Book Review: Me Before You

Lou Clark, the young protagonist in Jojo Moyes' Me Before You, likes her small life. She works at the local cafe, which helps pay her parents' bills. She also lives with her parents, and sometimes her sister and her young nephew, in a crowded, ramshackle house. She avoids new experiences at any cost, preferring instead to enjoy a thick paperback from the library. And she likes her long term boyfriend, Patrick, well enough.

Then Lou gets laid off from her job, and scours the newspaper for temp opportunities, as to avoid letting her parents down. One, written rather vaguely, promises excellent pay to be a companion to a man in a wheelchair. Lou figures, how hard can it be?

The thing about being catapulted into a whole new life — or at least, shoved up so hard against someone else’s life that you might as well have your face pressed against their window — is that it forces you to rethink your idea of who you are. Or how you might seem to other people.
— Jojo Moyes

Turns out, extremely hard. She meets the man in question, Will Traynor, and the two immediately dislike one another. Though Will is handsome, rich and smart (naturally), he is also livid and devastated at his condition due an accident, which destroyed his beloved, adventurous lifestyle of days past. Lou can't understand Will's anger and pain, and over time, tries to simply earn her keep and get through the days unscathed, until one afternoon, she overhears a shocking conversation that sheds light on Will and sets their lives in motion in a completely different direction.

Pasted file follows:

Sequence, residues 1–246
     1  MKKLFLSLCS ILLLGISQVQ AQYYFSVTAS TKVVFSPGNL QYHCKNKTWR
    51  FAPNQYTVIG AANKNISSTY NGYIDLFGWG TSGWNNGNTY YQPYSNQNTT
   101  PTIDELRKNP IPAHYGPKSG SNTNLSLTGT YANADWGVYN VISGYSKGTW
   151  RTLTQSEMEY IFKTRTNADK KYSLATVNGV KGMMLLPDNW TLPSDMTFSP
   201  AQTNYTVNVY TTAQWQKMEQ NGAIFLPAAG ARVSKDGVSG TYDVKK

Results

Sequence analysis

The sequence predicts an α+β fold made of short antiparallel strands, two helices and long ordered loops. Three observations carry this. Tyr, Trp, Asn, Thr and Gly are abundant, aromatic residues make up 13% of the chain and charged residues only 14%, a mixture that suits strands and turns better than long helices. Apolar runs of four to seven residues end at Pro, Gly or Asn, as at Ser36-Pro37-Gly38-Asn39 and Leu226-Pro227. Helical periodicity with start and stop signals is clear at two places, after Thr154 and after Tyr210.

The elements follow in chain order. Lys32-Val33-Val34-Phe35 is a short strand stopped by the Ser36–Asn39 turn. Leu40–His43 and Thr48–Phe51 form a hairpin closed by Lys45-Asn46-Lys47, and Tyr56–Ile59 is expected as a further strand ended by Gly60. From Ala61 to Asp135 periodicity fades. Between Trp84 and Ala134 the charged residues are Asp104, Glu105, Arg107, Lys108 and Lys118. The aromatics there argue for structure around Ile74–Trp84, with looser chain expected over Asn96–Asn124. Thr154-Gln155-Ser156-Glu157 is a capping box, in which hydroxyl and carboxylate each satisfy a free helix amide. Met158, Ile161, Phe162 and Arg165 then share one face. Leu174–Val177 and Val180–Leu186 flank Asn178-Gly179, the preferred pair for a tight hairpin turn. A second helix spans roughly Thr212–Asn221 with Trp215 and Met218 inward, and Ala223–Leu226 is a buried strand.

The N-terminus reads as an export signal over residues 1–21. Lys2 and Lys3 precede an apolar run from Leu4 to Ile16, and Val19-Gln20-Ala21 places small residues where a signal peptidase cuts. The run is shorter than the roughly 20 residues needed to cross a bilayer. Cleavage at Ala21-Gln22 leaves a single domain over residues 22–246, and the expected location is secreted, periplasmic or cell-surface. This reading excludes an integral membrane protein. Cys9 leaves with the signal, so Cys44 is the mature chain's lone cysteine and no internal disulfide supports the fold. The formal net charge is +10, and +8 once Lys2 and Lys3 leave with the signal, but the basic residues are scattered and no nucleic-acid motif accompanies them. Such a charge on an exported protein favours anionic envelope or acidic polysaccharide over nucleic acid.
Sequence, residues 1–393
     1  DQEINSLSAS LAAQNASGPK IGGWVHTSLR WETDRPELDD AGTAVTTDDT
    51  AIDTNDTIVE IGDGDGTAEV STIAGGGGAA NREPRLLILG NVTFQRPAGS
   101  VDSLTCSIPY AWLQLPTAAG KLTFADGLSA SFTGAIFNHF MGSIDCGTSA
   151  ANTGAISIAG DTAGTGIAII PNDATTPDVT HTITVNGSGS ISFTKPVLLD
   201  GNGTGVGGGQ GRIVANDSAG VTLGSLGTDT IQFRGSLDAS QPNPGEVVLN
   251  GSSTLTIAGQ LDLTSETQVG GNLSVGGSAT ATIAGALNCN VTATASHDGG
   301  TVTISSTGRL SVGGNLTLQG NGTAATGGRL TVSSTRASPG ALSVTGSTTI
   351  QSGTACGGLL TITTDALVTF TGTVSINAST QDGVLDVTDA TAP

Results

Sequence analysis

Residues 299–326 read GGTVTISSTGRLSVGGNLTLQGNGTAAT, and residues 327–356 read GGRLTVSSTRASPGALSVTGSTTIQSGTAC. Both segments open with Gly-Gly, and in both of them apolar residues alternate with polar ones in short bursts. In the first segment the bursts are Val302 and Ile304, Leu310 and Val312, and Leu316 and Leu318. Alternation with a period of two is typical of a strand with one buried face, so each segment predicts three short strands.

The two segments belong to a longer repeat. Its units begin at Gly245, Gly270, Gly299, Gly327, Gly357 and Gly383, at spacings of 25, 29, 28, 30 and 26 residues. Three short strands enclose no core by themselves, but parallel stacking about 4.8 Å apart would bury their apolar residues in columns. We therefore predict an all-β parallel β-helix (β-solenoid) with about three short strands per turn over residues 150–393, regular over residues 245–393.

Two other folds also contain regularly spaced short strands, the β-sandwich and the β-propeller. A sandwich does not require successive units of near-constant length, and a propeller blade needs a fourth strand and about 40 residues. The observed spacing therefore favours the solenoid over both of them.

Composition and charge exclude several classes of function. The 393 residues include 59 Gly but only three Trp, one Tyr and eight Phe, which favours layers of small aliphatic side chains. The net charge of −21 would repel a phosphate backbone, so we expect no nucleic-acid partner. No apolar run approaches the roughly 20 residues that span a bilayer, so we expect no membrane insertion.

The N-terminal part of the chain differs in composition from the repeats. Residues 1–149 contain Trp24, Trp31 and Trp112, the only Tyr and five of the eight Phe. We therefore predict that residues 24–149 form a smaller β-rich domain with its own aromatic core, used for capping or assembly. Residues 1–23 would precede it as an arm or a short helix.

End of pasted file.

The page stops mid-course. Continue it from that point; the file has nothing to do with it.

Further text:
They say you only really appreciate a garden once you reach a certain age, and I suppose there is a truth in that. It’s probably something to do with the great circle of life. There seems to be something miraculous about seeing the relentless optimism of new growth after the bleakness of winter, a kind of joy in the difference every year, the way nature chooses to show up different parts of the garden to its full advantage.
— Jojo Moyes

Could. Not. Put. It. Down. 

Moyes, a British writer, tells the story of Lou and Will clearly and with emotion, and while Me Before You certainly involves themes of love and commitment and respect, it primarily asks morally charged questions such as: what does it mean to live a good life? Who gets to decide what a "good life" looks like? How do we as a society look out for individuals with disabilities? What makes an experience worthwhile? How important is love? How often should we tell the truth in our families? How does morality work against autonomy, or vice versa? And so on.

Me Before You doesn't end the way you think, or hope, it will -- yet it's refreshingly honest and heavy and hopeful all at once, and well worth the read.